Anthropometric measures (weight and body circumference), clinical examination (in standing position, tightening and pinching the skin increases defects), digital photographs, 2D magnetic resonance image, ultrasound (to examine thickness, quality of the connective tissue, and edematous component), Doppler laser flow meter (to assess microcirculation), thermography, and infra-red thermal camera (to detect low blood flow and low temperatures) are the methods used for evaluation.

Hexsel’s and Dal’forno’s alphanumeric classification Cellulite Severity scale (CSS) based on the number of evident depressions, depth of depressions, morphological appearance of skin alterations, and grade of laxity, flaccidity, or sagging skin, classify GLD into grade severity of mild, moderate, or severe type and CSS simplified classification based on scores of the number of evident depressions and the average depth of depressions also classify GLD into mild, moderate, and severe. These tools may be used for assessment.

Standard recommendation for the management of GLD is change of lifestyle to reduce GLD; that is, to modify diet and exercise regularly.

The available therapeutic options for GLD are numerous and range from conventional modalities (1. topical applications caffeine, retinol, extracts of Ginkgo biloba, or botanical derivatives-inducing lipolysis, lymphatic drainage, increasing microcirculation, reducing edema, and stimulation of collagen production and 2. massages – inducing lymphatic drainage and increasing microcirculation, 3. oral nutritional supplements – Vitis vinifera (grape), G. biloba, Centella asiatica, fish oil, borage oil, and many others, 4. intense pulsed light and infrared light – heat generated by device increase microcirculation, lymphatic drainage, and collagen synthesis, 5. light emitting diode combined with topical phosphatidylcholine, 6. shockwave therapy/acoustic waves – used to treat nephrolithiasis, promote lipolysis, improve blood flow and lymphatic drainage, and stimulate collagen and elastin production, 7. ultrasound – acts by inducing volumetric heating and secondarily, lipolysis, and disruption of adipocyte cellular walls, 8. cryolypolisis, and 9. radiofrequency-unipolar and bipolar – acts by heating the dermis and, potentially, the subcutaneous tissue-induce collagen production, tissue restructuring, and adipocyte lysis) to minimally invasive approaches such as 1. carboxytherapy – carbon dioxide is administered intradermally, used to fight excess fat, body, and facial aging, flaccidity, varicose microveins, and to reduce scars and stretch marks, 2. mesotherapy – subcutaneous injections of several compounds such as collagenases, caffeine, hyaluronidase, carnitine, aminophylline, phosphatidylcholine (banned in Brazil), lipase, amylase, catalase, cathepsin, and recent one 3. dermal filling with biodegradable injections of calcium hydroxyapatite, 4. subcision – to divide bands or subcutaneous septa, 5. subcision system – accurate release of fibrous septa by a suction system and microblades, 6. Use of Bioceramic Neoprene Shorts – to promote occlusion with topicals facilitating the cream’s absorption and penetration and enhance its efficacy, and 7. laser therapy – ND: YAG laser and injections. Epidermologie is a mechanical method of mobilizing subcutaneous fat through negative suction of the skin. The technique combines lymphatic drainage and ultrasound massage. The objectives of these therapies are to improve the aesthetic appearance of the skin and sustain it with maintenance therapy.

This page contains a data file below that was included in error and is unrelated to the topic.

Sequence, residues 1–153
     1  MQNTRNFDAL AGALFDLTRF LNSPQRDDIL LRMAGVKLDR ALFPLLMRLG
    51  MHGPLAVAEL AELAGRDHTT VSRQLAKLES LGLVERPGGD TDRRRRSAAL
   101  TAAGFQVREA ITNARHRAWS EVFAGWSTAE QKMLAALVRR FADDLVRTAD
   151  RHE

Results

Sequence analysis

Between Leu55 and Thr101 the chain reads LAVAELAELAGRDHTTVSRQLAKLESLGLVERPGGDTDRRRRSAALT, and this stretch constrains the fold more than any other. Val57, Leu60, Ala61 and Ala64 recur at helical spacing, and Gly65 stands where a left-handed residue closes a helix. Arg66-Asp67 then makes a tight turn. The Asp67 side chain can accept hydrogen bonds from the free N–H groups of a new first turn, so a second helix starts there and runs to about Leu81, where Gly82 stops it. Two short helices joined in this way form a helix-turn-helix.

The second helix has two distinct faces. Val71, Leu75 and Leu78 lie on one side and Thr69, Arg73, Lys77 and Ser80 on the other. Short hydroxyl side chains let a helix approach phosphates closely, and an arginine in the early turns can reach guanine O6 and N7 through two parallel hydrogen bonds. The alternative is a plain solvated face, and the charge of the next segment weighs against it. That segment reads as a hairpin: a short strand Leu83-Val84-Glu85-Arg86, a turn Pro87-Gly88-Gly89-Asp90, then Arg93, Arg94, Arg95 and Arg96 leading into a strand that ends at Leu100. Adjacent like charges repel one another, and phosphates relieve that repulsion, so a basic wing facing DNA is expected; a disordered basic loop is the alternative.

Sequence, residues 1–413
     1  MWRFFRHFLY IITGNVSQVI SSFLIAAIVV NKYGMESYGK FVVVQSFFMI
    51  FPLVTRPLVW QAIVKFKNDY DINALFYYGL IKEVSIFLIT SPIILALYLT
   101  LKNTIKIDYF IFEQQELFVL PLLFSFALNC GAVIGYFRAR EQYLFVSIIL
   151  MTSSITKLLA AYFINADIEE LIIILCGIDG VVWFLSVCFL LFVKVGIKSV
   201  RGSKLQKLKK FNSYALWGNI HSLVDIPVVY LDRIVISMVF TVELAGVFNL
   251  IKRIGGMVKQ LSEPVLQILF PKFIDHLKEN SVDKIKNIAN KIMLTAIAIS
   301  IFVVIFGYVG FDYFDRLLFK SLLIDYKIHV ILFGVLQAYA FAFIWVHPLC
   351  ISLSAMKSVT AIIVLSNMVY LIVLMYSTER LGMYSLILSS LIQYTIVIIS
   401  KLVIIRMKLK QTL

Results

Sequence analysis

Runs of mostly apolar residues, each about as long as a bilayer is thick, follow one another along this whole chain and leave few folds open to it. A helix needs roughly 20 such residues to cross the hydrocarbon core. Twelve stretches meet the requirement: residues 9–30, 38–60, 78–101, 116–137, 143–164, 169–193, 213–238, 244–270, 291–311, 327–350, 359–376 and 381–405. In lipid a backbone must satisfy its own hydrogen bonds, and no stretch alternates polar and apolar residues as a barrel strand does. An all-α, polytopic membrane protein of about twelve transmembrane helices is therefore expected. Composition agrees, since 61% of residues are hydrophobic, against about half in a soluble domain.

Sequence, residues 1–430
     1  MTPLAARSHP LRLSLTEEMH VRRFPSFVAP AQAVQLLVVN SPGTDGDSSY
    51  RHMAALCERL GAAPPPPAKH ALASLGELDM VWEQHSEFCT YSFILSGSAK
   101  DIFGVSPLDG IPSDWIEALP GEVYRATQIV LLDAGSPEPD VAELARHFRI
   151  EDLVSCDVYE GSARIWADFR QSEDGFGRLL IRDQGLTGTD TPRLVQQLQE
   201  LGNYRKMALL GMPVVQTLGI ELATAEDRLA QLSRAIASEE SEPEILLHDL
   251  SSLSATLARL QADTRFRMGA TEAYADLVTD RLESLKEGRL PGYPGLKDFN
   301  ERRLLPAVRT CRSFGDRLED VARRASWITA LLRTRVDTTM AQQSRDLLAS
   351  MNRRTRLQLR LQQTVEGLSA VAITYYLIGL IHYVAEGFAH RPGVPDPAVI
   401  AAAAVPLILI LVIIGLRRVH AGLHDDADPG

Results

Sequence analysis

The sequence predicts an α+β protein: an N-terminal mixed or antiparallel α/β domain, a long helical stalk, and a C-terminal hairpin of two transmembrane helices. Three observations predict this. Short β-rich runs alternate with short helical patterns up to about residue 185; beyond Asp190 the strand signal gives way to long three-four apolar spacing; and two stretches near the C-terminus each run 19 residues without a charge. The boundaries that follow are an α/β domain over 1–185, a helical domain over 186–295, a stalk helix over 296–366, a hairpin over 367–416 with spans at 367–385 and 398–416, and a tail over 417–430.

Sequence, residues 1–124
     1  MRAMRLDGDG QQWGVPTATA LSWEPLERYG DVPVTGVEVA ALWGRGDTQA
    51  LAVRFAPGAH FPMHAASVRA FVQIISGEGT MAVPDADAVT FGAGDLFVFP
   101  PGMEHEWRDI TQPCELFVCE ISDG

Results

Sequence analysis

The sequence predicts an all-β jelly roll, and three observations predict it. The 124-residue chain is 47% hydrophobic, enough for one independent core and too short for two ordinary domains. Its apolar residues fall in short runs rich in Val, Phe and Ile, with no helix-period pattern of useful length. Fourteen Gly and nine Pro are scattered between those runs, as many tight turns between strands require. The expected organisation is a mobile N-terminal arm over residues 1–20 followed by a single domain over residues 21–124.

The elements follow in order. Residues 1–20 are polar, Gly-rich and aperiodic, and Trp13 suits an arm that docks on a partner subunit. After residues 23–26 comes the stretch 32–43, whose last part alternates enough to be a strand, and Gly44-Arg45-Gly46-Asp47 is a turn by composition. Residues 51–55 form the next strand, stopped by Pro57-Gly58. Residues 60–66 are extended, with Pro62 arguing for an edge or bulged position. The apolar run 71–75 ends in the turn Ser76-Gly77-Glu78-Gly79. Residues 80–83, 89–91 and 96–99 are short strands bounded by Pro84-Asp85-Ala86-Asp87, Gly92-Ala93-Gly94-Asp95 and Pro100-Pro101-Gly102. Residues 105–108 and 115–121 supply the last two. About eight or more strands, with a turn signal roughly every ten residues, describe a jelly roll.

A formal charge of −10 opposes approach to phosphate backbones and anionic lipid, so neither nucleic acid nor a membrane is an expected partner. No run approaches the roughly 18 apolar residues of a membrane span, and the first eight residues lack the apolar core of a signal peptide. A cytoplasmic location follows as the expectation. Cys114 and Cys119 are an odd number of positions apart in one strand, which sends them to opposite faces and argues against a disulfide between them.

Clinical evidence from most treatment modalities is scarce but slightly positive; thus, more research is needed to confirm such effects.